About 100 years ago, an immigrant from Lebanon made his way from Ellis Island to Jefferson City. He knew very little English, but that didn’t stop him from starting a shoe repair business that eventually became the American Shoe Store. If he had been able to see into the future, he would never have believed what he had accomplished by making the difficult journey to a new country. The shoe store he started in 1919 would provide a living and way of life for four generations of his family.
American Shoe is a living legacy of a family business, still growing, still an important part of the mid-Missouri community, with stores in Jefferson City and Columbia. Ann Slay, who owns the two stores with her sister, Sara Quinn, and Sara’s husband, is the granddaughter of Elias Thomas, the Lebanese immigrant whose American dream has taken root in mid-Missouri. Slay can be found most days at one or both of the stores. Although she’s of an age where she could retire if she wanted, she most definitely isn’t about to walk away from the business anytime soon. “I love what I do. I love, love, love, love every minute of it,” she says.
That’s not to say that she isn’t delighted to see her daughters and nephews working at the store and learning how the business operates. “Now, several of our children (who are in their 30s and 40s) are starting to take over, and we call this our fourth generation,” Slay says. Then laughing, she adds, “Whenever we don’t want to do anything, my sister and I will say ‘Check with the next generation,’ and it works!”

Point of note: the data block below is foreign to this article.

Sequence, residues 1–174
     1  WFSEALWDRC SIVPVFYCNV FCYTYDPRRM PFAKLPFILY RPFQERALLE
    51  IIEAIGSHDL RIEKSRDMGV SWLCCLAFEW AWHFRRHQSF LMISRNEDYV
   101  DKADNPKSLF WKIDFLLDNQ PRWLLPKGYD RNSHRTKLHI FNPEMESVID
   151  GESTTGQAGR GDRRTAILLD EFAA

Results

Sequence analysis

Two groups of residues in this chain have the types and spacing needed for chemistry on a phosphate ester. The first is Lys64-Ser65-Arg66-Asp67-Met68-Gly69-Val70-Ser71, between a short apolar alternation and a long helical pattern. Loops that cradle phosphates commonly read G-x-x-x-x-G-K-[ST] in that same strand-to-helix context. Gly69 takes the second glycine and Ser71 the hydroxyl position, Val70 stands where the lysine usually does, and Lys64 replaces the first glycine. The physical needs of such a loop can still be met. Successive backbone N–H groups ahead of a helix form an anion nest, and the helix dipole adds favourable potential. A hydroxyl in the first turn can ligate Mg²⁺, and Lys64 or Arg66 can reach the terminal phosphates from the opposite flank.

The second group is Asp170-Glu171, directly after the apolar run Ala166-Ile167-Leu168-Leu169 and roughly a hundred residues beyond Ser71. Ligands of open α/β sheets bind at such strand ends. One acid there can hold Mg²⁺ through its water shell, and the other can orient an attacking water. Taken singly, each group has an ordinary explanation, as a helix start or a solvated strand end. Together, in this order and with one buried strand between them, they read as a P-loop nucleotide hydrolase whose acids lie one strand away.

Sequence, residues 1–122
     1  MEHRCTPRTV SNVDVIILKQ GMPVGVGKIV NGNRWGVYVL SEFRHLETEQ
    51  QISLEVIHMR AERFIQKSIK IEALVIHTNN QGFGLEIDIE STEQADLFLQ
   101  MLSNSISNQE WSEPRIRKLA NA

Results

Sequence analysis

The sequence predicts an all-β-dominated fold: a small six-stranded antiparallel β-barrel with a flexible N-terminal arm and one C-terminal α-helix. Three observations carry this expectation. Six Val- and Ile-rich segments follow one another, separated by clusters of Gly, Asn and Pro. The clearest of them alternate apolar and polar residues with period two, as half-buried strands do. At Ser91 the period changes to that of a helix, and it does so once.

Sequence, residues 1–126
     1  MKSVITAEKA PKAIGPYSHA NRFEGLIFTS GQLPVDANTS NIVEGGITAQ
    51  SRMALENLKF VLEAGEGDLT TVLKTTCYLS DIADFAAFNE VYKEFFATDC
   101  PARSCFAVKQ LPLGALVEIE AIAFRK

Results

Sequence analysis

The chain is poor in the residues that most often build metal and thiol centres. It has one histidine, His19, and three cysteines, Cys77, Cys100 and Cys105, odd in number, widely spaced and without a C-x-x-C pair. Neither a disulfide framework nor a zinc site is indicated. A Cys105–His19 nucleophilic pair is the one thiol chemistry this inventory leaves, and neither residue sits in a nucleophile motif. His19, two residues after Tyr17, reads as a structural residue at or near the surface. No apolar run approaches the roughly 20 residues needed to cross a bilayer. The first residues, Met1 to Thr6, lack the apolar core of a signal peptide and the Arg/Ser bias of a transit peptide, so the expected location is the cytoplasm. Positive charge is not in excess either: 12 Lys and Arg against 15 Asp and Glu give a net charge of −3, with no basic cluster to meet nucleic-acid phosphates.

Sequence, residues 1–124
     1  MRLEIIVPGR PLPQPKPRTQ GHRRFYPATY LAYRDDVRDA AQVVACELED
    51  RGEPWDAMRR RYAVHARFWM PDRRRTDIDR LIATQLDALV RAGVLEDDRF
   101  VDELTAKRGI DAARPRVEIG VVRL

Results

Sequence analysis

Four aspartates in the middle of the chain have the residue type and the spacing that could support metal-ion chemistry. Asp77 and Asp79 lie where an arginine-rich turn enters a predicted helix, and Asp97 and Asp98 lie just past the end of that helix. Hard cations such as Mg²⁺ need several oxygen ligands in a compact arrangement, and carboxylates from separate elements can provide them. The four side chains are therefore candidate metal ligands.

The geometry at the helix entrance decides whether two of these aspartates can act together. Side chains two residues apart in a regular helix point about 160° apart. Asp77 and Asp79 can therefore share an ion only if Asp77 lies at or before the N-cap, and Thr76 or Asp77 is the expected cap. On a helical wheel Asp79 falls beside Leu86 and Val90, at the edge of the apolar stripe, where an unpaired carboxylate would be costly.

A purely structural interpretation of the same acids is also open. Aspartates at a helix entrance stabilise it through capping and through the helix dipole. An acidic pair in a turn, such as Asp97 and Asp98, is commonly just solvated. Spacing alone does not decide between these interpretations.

Like her father before her, Slay grew up in the business. “I learned it through osmosis,” she says. Although she was the owners’ daughter, her parents made sure that her status didn’t stop her from learning good work habits and carrying them on throughout her career. “We were always expected to have a job in high school, and if we decided to work in the store, then, by God, we had better work and be there when scheduled,” she says.
In 1975, the family bought storefront real estate in Columbia, and by 1976 had opened their second store on Broadway. Ann and Sara now make Columbia their home, but commute to their corporate office and store in Jefferson City regularly. In addition to competition from other local shoe stores, American Shoe had to learn how to market against the chain stores and the Internet. “Years ago, we decided we had to do things differently in our business. Chain stores and Internet stores don’t greet customers, don’t talk with them, don’t measure their feet or try to keep track of what they purchased in the past,” Slay says.
American Shoe also differentiated itself by offering different styles than the chain and discount stores. Slay is confident that Internet sites are a poor substitute for the actual experience of walking into a shoe store and being treated like a human.
American Shoe will celebrate its 100th anniversary next year. While thinking about that celebration of the past, Slay is busy with the everyday demands of running a business and preparing for the future when the fourth generation will take over. She isn’t sure exactly what they’ll do — whether they’ll expand to other cities or maintain their focus in mid-Missouri. But one thing she does know: Elias Thomas would be proud of what he and his family have accomplished.